Search America's historic newspaper pages from 1789-1963 or use the U.S. Newspaper Directory to find information about American newspapers published between 1690-present. Chronicling America is sponsored jointly by the
National Endowment for the Humanities and the Library of Congress. external link Learn more
Image provided by: University of Illinois at Urbana-Champaign Library, Urbana, IL
Newspaper Page Text
By Alvinah 'Jordan Garth
(Copyright by W. G. Chapman.)
Hiram "Roly-Poly" Benson,
well designated as a nickname, ad
mirably filled the "information" desk
in the offices of Bacon & Co., brokers.
He was undersized, rotund, big-eyed,
pink as a posy, always neat and clean
of person. He exhaled healthfulness.
He seemed built for the very chair he
occupied and harmonized well with
the six pretty and also pink ste
. nographers, filling in the office pic
ture just behind him.
Hiram was the oflice pet, but that
had not spoiled him. He had come
into the employ of Bacon & Co. under
peculiar circumstances and the co
operation that had enabled the con
nection was appreciated and cher
ished by young Hiram. If only for
the sake of plain, honest, hard-working
John Marvin, his sponsor, he was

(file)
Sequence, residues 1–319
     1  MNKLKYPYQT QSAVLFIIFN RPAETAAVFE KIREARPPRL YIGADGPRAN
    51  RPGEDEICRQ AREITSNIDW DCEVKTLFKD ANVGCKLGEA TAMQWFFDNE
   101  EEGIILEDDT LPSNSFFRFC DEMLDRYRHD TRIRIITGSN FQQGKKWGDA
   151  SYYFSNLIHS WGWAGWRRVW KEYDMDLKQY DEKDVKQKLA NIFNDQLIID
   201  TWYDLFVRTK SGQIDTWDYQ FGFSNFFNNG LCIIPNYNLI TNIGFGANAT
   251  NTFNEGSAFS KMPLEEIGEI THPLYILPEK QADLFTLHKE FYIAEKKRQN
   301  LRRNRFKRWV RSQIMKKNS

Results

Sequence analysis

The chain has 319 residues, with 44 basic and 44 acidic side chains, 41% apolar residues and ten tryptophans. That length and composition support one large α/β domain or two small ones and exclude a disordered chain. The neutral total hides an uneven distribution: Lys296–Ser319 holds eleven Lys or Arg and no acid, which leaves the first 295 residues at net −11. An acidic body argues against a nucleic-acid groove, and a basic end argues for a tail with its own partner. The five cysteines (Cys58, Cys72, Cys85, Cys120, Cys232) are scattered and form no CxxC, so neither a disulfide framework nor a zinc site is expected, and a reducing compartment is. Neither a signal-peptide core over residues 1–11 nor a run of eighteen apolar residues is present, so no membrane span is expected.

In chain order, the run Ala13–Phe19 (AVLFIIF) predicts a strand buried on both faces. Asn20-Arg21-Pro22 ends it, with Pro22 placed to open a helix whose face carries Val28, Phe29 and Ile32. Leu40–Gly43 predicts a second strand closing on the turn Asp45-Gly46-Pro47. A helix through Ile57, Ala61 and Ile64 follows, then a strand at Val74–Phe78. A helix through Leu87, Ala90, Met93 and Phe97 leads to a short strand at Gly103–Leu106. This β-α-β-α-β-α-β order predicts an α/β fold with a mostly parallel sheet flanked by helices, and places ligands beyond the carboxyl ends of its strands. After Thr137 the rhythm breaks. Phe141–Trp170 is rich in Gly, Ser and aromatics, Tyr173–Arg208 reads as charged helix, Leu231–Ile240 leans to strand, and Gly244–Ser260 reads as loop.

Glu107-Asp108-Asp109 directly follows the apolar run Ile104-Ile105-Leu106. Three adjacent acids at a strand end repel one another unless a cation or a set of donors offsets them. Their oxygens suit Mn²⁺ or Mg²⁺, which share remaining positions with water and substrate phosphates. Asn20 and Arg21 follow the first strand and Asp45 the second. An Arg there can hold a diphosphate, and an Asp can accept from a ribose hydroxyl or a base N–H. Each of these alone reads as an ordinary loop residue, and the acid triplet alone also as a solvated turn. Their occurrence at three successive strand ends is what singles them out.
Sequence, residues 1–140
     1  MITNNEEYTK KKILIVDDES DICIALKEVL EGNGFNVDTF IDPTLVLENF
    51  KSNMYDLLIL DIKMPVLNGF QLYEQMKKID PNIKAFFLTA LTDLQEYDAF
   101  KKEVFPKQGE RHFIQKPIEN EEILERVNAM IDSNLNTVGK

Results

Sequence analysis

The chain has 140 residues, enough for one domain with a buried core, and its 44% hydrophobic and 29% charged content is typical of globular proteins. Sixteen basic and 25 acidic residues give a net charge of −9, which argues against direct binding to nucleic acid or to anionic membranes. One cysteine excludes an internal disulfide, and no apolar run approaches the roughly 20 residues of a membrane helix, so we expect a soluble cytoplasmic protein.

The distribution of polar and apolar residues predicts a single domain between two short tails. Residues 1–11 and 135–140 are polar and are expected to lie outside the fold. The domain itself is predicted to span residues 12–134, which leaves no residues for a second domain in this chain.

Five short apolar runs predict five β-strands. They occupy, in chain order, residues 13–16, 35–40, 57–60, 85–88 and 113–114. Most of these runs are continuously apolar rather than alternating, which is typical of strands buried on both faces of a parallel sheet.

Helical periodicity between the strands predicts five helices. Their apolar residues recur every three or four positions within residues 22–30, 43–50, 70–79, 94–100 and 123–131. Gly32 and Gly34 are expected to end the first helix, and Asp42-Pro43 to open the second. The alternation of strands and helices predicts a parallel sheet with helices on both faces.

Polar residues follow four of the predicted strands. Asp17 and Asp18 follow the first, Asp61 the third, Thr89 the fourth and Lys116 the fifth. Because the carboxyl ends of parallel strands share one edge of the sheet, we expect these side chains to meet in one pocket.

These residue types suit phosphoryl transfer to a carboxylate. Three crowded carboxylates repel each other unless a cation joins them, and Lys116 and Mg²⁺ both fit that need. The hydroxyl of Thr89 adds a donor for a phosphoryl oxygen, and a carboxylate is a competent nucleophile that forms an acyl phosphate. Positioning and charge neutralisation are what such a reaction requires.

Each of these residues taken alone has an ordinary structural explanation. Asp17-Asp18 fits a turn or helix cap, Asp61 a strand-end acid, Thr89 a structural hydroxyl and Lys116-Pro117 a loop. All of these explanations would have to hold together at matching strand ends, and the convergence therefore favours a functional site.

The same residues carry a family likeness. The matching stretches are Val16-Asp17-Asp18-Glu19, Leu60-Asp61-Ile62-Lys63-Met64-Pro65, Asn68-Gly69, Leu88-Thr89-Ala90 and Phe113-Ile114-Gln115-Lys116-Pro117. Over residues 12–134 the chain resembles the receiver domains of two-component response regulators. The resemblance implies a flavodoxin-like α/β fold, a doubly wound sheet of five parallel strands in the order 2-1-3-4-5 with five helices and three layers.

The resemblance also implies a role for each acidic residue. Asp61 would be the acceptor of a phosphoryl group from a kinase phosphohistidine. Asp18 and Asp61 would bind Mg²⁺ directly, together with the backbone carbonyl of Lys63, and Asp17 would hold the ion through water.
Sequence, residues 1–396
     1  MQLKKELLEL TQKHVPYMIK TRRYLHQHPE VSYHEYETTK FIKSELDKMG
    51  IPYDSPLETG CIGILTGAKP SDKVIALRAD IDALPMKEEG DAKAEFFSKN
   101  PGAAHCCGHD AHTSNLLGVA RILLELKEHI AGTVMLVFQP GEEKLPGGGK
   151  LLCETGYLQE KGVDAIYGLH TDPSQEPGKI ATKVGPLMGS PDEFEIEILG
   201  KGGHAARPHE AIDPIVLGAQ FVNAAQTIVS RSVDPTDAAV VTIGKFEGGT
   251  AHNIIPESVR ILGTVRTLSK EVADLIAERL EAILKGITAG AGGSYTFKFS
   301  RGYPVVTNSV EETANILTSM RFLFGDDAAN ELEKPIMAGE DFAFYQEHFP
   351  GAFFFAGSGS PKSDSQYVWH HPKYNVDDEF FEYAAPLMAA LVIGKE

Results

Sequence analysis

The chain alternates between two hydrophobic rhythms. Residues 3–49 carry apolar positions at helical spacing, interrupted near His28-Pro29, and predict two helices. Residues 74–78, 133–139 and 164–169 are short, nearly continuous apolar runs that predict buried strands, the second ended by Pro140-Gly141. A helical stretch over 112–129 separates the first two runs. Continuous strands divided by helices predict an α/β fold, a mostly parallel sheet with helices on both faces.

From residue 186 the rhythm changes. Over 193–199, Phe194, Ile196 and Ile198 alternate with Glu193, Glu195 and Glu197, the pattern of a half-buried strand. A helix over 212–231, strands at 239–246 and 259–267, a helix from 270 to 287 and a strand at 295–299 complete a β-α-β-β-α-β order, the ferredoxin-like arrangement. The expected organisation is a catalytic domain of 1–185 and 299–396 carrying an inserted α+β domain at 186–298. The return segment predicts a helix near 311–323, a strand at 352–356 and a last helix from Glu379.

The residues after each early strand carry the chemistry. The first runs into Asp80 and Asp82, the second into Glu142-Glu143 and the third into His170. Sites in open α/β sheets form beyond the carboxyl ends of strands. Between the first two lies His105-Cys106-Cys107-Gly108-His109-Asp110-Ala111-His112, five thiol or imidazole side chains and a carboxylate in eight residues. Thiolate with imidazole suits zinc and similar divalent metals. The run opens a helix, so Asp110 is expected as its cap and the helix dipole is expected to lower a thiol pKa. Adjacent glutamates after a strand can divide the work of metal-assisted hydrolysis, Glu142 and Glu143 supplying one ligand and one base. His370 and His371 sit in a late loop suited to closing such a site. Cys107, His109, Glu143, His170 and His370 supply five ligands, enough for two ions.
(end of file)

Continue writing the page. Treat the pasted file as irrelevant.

determined to "make good."
It was both curious and portentious
the manner in which these two met
Hiram was at that time experiencing
the sorrows and hardships of his first
employment messenger boy for the
Security National bank. One morn
ing Hiram was sent with two pack
ages of securities to deliver to two
different financial institutions. He
placed each in a separate inside coat
pocket It made him puff to walk
fast, and he appeared as a strenuous
junior business devotee as he swung
down the crowded thoroughfare. Ab
ruptly he checked himself to a stag
gering halt as he chanced to put his
hands to his pockets. One of the
precious packets was missing! He let
out a frantic yell with the full power
of his lungs.
"Lost ruined! m be hung!" he
wailed next, and sank to the curb and
a crowd gathered. An officer came
up seeking an explanation. Hiram,
in iris profound excitement and des
peration, had swollen the loss in se
curities to a fabulous amount A man
pushed his way through the crowd.
It was John Marvin.
"What was the address on the lost
packet, lad?" he inquired.
"Blackstone, Wharton Winkle
man," replied Hiram in a breath.
"There it is," announced Marvin,
extending a package. "You must
have dropped it on the street a ways
back where I picked it up.
"Hunkeydory!" shouted Hiram and
he grabbed the packet eagerly and
his face fairly bloomed again, and he
clung to Marvin's sleeve until he was
He Exhaled Healthfulness
piloted clear of the crowd. "Mister,
please give me your card."
"Why, what's that for?" queried
"So's I can reward you not now,
when I'm rich. Another thing: J don't
want to forget what you've done for
me. Tell you, it's a narrow escape!
It's me to deliver these securities
and back to the bank and resign my
"Why do you do that?" asked Mar
vin, somewhat interested in this odd
ly original character he had run up
ct-,... . , ., ,